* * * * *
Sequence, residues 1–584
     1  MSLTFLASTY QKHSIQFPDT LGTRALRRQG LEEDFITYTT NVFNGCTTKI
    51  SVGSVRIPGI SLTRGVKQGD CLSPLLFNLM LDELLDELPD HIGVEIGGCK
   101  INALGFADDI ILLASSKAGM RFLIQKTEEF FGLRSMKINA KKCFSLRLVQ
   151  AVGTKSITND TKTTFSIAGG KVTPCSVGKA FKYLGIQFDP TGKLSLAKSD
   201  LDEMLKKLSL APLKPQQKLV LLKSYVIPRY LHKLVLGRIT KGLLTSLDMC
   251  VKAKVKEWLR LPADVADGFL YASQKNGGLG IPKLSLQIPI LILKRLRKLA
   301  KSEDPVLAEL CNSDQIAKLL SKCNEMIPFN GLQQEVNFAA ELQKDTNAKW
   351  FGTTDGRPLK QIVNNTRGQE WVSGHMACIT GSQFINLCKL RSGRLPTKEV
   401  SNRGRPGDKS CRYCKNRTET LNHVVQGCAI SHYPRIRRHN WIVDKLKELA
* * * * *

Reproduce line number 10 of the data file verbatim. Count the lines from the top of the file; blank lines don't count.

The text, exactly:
   401  SNRGRPGDKS CRYCKNRTET LNHVVQGCAI SHYPRIRRHN WIVDKLKELA